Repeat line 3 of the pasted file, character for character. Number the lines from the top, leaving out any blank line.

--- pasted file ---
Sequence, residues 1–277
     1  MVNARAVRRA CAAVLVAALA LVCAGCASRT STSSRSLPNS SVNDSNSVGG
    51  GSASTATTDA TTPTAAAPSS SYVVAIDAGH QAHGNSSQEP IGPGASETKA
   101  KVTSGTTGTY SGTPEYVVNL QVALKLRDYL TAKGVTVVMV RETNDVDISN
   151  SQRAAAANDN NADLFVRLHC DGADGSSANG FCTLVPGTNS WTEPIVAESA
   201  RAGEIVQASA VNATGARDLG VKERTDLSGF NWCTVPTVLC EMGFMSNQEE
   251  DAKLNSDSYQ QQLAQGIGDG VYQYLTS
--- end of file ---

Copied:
    51  GSASTATTDA TTPTAAAPSS SYVVAIDAGH QAHGNSSQEP IGPGASETKA